Liquidation Fundamentals: Why Businesses May Choose to Liquidate

Financially distressed companies in South Africa have three formal processes available to them, namely liquidation, business rescue, and compromises, under the Companies Act 71 of 2008. Why, then, do companies opt to liquidate?

Liquidation, also known as winding-up, involves the realisation of a company’s assets to pay for winding up expenses and costs with any remaining funds after the company’s creditors have been paid.

The winding-up of solvent and insolvent companies is regulated by separate legislation. The Companies Act governs the winding-up of solvent companies, whereas the Insolvency Act 24 of 1936 and the Companies Act 61 of 1973 (Old Companies Act) govern the winding-up of insolvent companies.

The two processes are distinct as the procedures and requirements of each are different. Solvent companies are those that can pay their debts as they become due, whereas insolvent companies are those that cannot. Winding up a solvent company is a voluntary process initiated by the company while winding up an insolvent company can be initiated by the company or through legal action by creditors or other interested parties.

Companies should seek professional legal advice to ensure that they follow the correct procedures and comply with the relevant legislation when winding up.


Why Choose the Liquidation Option?

Businesses may choose liquidation for various reasons. One of the main reasons is insurmountable debt. Where a company is unable to pay its debts as they become due, liquidation becomes an option. In such a situation, being liquidated can be used to address the company’s financial difficulties and settle its affairs. In some instances, it may be a legal requirement. The Companies Act 71 of 2008 states that a company that cannot pay its creditors within six months is obliged to liquidate.

Closing the business is another reason why a company may choose to liquidate, particularly if it has decided to wind up its affairs. Reorganisation can also lead to liquidation as part of a broader strategy when the

company may opt for restructuring or consolidation. Sometimes changes in market or economic conditions may make it difficult for a company to adapt and remain profitable, making liquidation the best option to minimise further losses.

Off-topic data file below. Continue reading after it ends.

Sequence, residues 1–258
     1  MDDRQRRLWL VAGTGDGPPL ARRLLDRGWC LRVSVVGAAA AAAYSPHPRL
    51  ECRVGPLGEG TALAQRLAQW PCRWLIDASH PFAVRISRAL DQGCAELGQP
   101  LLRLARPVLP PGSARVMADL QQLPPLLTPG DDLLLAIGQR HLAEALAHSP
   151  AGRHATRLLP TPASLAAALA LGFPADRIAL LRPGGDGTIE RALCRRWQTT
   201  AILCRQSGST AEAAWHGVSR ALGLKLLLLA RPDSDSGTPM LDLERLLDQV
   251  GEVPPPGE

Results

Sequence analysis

The Importance of Getting Liquidation Advice from Legal Professionals

In South Africa, trading while insolvent is considered a civil offence rather than a criminal one. This occurs when wrongful trading takes place and the company’s director is aware that the company will become insolvent but continues to operate regardless. However, a director that engages in unethical practices to try and recover from insolvency may be accused of engaging in fraudulent trading which is a criminal offence in terms of the Companies Act.

If you are a member of a close corporation or a director of a company, be aware of your legal obligations if you are unable to pay your creditors. You have a legal obligation to liquidate your company in such circumstances, and failure to do so can result in criminal charges.

Francois Uys Inc Attorneys understand the complexities and challenges involved in the liquidation process and are committed to providing expert assistance to our clients. Our team of seasoned professionals can assist with the efficient liquidation of your company, allowing you to move on effortlessly. We specialise in working with South African businesses that are facing financial distress. Our team will work closely with you to find the best solution to your problems and provide you with the optimal outcome.

Contact us today to learn more about how we can assist you in navigating the liquidation process and ensuring that you comply with all relevant legal requirements.


Disclaimer: This article is for information purposes only. It does not constitute legal advice and cannot be used to make any decisions. For advice on the topic of liquidation contact Francois Uys Inc. The information is relevant as of the date of publishing.